When it comes to Coronavirus there is no point beating around the bush. We face the most profound societal, economic and – above all – public health challenge since the Second World War. If anyone has doubted this, I hope that the recent change in public health advice to much more profound social distancing has shattered that illusion. Quite simply, the national interest and the direct interest of everyone of us – and of all our loved ones, young and old - is now best served by following to the letter the advice from our Chief Scientific and Chief Medical Officers, implemented by the Government and as follows.
First, if you or anyone in your home has a high temperature or a new and continuous cough, you should stay at home for 14 days; 7 days if you live alone. If at all possible, you should not go out even to buy food and essentials. Instead, you should ask others for assistance with your daily necessities. The exception to that is for exercise, but even then you should keep at a safe distance from others. If it is not possible to receive deliveries at home, you should do what you can to limit your social contact when you leave the house to get supplies.
Even if you or anyone in your household do not have symptoms, the Government has updated their advice. They are advising people against all unnecessary social contact with others and all unnecessary travel. People will need to start working from home if they possibly can, and should steer clear of pubs, clubs, cinemas and restaurants. Additionally, we should use the NHS only when we really need to. This advice is directed at everyone, but it is especially important for the over-70s, for pregnant women and for those with some health conditions.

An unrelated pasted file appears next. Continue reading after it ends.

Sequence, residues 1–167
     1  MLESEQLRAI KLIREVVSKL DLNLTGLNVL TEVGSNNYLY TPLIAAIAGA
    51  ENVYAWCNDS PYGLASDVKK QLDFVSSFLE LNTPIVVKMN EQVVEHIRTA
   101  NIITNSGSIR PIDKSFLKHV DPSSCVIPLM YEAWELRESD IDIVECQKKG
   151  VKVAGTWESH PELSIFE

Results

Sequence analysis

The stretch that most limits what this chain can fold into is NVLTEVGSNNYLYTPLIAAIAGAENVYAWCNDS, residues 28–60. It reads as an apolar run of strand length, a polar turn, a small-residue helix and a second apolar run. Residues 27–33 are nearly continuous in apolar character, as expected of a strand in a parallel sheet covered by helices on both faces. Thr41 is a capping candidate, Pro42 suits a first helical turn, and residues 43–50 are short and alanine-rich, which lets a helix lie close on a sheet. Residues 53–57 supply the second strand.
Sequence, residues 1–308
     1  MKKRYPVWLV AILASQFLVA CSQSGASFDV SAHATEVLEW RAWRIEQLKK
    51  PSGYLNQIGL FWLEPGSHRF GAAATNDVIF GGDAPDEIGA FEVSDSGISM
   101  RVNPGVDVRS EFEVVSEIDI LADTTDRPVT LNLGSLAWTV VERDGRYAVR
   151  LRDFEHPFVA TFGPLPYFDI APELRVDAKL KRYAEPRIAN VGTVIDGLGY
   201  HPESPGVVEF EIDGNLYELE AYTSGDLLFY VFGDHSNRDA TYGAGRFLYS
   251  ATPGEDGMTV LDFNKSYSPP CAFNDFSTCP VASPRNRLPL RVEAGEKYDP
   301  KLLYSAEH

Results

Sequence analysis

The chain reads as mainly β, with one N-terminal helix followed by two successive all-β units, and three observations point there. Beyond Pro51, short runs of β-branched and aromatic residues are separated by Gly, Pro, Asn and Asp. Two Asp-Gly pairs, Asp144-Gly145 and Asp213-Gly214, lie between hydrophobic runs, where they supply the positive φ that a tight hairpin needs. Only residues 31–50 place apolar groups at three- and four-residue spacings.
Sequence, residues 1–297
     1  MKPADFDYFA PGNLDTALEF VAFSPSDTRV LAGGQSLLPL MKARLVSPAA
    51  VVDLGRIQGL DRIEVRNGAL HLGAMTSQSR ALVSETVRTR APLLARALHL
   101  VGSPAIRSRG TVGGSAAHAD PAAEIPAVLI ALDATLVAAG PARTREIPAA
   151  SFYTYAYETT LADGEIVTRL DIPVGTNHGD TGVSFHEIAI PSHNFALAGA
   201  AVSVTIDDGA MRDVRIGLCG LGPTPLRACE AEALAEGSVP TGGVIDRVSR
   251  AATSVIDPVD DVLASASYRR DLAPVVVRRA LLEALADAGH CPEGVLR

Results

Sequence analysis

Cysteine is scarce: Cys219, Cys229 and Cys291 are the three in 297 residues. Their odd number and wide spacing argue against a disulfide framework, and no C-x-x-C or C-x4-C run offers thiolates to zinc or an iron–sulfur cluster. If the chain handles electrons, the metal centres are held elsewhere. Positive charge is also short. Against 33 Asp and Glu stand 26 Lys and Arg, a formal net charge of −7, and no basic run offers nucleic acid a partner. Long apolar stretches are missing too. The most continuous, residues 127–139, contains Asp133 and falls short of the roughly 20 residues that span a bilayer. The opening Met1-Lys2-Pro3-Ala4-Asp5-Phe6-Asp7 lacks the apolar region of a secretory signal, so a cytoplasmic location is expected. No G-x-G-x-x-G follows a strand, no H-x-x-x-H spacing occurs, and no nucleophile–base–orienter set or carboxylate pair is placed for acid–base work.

I have had a number of emails from constituents over 70 who feel somehow discriminated against by this advice. Let me say how much I respect this view, and the frustration of those over 70 who do so much to volunteer and – in particular – help others in a more senior age bracket. Nevertheless, we must all follow the advice without exception, or we will be taking a gamble with our own lives and the capacity of the NHS, whilst effectively raising the chance of many others becoming seriously ill or dying.
There is some good news. First of all, whilst people rightly compare this to a war, to fight this invisible invading army, we do not need to sacrifice our armed forces; we simply need to remain in the comfort of our own homes, for a prolonged, but ultimately temporary, period of time. Yes, there has been stockpiling, but supermarkets are now taking action to deal with this. For example, the first hour reserved for older and more vulnerable shoppers. Yes, there will be a very significant economic impact, but we have unveiled a £350bn package for business and there is more to come. Of course, there will be an immediate impact on pubs and restaurants, but we have granted them immediate permissions to become takeaways, and provided a combination of grants and business rate holidays to them and similar businesses.
Above all, I know that coronavirus will be a source of profound anxiety to all of you, but this crisis is also bringing out the best in human nature, with many examples of friends, neighbours and community groups rallying round to help each other.
Please follow the advice and stay tuned for when it changes, which could be frequently. My email is firstname.lastname@example.org if you have questions.
My column published in the Suffolk Free Press.